17 August 2008

Advice for Gordon 2

The trouble with being a doctor is that if you have a sick patient you just have to do something. Dr Grumble can still remember when as a young doctor desperately breathless patients would grip his wrist tightly as they pleaded for relief. Sometimes there are worried relatives looking on. Sometimes you are on your own. Only you can save the patient. It's frightening for the patient. It's frightening for the doctor. But you can never show it. For the patient's sake you must look calm and confident. But that may not be at all how you feel.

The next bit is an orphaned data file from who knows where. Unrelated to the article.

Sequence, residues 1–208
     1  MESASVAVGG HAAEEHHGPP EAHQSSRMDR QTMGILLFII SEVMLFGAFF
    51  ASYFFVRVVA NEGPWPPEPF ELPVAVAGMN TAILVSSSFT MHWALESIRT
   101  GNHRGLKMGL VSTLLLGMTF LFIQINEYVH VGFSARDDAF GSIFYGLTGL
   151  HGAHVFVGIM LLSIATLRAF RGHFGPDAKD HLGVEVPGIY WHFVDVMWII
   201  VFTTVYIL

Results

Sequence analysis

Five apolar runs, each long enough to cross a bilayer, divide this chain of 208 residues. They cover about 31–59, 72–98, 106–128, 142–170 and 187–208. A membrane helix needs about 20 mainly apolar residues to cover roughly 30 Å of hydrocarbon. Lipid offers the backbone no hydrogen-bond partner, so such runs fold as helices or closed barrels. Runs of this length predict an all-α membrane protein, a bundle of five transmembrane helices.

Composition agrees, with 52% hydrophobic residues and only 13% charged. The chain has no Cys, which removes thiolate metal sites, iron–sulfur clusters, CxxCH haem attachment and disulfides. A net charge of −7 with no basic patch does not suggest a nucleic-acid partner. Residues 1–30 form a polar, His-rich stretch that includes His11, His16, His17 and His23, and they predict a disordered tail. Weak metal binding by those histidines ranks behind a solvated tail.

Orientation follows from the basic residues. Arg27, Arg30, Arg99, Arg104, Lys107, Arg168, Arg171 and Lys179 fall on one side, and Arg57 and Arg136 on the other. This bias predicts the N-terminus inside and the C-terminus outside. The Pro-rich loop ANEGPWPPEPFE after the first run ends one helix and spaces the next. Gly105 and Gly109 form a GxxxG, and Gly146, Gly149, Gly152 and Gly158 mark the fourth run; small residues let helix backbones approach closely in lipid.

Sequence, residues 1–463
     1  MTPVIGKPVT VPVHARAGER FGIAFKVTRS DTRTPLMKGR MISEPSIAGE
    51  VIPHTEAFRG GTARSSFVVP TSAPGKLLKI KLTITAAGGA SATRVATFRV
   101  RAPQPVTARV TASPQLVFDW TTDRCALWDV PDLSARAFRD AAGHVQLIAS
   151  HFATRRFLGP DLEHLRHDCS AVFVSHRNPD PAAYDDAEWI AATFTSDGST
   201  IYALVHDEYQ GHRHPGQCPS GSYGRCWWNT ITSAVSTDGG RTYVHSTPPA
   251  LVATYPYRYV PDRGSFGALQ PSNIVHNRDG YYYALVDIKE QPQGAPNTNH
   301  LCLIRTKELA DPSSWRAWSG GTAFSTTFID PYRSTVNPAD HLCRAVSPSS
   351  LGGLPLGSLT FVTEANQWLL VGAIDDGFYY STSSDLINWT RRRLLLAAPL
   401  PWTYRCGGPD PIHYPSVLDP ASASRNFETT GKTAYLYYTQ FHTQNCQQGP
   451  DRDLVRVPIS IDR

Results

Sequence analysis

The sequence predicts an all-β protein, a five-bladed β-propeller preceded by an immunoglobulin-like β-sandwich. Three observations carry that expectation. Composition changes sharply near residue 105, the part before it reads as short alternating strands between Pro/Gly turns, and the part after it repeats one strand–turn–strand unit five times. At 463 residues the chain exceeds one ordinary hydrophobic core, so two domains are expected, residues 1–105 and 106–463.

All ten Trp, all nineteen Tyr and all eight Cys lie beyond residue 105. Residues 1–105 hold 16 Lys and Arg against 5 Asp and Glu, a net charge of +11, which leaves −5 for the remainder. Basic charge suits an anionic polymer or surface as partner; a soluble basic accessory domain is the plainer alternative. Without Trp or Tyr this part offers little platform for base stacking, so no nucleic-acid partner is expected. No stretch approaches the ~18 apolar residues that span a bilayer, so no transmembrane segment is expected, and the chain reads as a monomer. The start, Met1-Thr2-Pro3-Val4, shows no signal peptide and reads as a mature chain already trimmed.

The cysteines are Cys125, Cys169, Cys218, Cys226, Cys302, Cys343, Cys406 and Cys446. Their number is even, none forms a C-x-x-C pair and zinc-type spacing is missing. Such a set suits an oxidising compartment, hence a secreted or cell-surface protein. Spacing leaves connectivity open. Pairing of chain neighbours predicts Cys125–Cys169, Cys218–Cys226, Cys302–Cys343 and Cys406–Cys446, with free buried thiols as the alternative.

Now there may be some decisions that are a bit like that in politics but quite a lot of political decisions can probably wait. The country doesn't stop when politicians take their summer break. Nobody dies. The wheels of government go on turning. If politics was suspended for six months the world would still go round. What does that tell you, Gordon? It tells you that doing nothing is not such a bad option. Doing nothing is difficult. It's difficult in medicine. But sometimes it is the right thing. It must be difficult in politics. But just as in medicine it can be the right thing to do. Knee jerk policies are almost always bad. So, Gordon, please avoid them. Not many problems can be solved with a new law or a knee jerk initiative. But quite often that seems to be what prime ministers think. Of course it's all you can do there in Number 10. But remember, Gordon, doing nothing is an option. Avoid knee jerk decision making? Can you think of any examples, Gordon? Remember your reflective practice.

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